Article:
As the saying goes, “the road to hell is paved with good intention”. But for Canadians, the saying takes a very deep and literal meaning in the spring.
A popular Canadian joke claims that there are only two seasons in Canada: winter and construction. Indeed, after our long and harsh winters, crews of construction workers are dispatched all over Canada to tackle new projects, fix the roads and repair the many cracks in the pavement. A good intention, really. Yet, it is one that Canadians fear almost more than freezing rain and the perspective of losing the Stanley Cup to a US hockey team.
Each country has good intentions paving the way to hell. France’s is probably strikes – incidentally, “strikes and protests season” also starts early in the spring. There is always a strike going on somewhere but most are only worth a Gallic shrug. For instance, if you complain that you haven’t received your paycheck, the answer will invariably be “the cheque is in the mail”. Any further complain will be refuted as follow: “we posted it long time ago, but the Post Office may be on strike….” French are used to see part of their administrations and services working sporadically. It is not expected to be otherwise.
All in all, French only fear two kinds of strikes and protests: those affecting public transportations (trains and subways) and truck driver’s strikes. Transport strikes are big in terms on impact on users, especially in Paris where the population heavily relies on the subway and suburban trains. Besides, most – if not all – public transportation workers are unionized and are considered to have somewhat highly privileged work conditions, so support from the population can quickly wear out. Truck driver’s strikes have less of an immediate effect but can cripple the country in no time. They usually block supermarkets and gas supply, thus motivating the government to act quickly on the matter.
When it comes to the construction season, Canadians’ attitude is not unlike the French’s toward strike – a mix of despair, hope and resignation.
Despair is the best way to describe the feeling that crosses your mind when on one of the first sunny days of spring, you notice a bunch of orange signs and arrow scattered on the road. Most signs just say “detour” but you could swear they mock you: “you will never get to work on time, ah ah!” Construction sites appear to be totally random most of the time. For instance, on a long stretch of bumpy road, only a few square meters here and there will be patched. Yet, of course, the whole street will be closed for months.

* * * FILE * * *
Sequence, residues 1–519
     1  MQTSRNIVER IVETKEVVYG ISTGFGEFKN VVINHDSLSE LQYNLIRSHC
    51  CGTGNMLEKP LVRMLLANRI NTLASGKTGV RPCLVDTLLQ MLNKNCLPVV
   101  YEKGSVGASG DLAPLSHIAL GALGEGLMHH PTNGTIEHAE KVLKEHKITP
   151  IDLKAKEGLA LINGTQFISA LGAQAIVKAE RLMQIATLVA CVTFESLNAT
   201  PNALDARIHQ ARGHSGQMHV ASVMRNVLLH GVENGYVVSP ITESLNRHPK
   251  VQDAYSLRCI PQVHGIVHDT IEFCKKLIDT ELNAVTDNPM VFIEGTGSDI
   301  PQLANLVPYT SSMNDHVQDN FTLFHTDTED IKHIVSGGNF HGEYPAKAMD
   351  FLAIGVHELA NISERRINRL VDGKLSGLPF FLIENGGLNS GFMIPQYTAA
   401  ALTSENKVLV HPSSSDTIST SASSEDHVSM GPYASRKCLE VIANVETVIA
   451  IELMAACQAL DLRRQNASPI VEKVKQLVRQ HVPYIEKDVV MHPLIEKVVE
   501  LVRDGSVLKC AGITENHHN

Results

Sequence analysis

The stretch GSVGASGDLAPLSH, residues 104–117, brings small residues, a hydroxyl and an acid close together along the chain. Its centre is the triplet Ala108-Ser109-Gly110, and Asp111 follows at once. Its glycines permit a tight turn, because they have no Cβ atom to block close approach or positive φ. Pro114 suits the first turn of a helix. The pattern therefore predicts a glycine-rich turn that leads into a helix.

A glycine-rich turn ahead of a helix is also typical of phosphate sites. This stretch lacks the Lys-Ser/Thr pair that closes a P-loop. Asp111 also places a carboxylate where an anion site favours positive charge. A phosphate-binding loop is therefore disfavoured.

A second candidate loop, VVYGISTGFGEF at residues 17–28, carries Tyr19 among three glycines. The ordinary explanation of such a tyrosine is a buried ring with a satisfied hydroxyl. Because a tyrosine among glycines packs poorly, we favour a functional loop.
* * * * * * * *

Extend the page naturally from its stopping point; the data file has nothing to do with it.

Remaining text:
For instance, I worked on the infamous Bank Street for almost four years. Every year, a portion of the street would be torn up and rebuilt, thus prompting the shut down one of Ottawa’s major downtown artery from April to October. Two weeks into the construction, we had no buses, no sidewalks and we were breathing dust for ten blocks. Businesses went bankrupt faster than the asphalt was sliced and getting to work became a daily challenge, even as a pedestrian. Yet, despite yearly pleas from local business associations and angry residents, construction on Bank Street invariably resumes every year. It actually became a fixture in Ottawa.
After despair comes hope. After all, construction crews are here for a reason – there is indeed plenty to fix. Bumpy roads are one of the stuffs Canadians don’t like and after winter, they can be downright dangerous. So Canadians figure it will just be a few months of misery, slow driving, road blocks, detours and one lane freeway. Yeah, you wish. Contrary to popular belief, Canada usually enjoys nice weather from May to October – so the construction season lasts for six months – half of the year. And no matter how well the roads are fixed, the job will have to be redone the following year.
To top it all off, the Harper government launched the Canada’s Economic Action Plan which aims, among other things, at “creating jobs through a massive injection of infrastructure spending”. But the measure is criticized: a lot of projects are said to be just ridiculous, like the replacement of door-knobs at the Parliament or the upgrade of water fountains. Still, I’m afraid we will see even more construction sites this year. Hopefully, it will at least help the economy…
Eventually, you know you reached resignation when you sigh to yourself “oh well, if Canadians like to destroy and rebuild random stretches of road, so be it”. I guess construction season is to Canada what strikes are to France – a cultural specialty.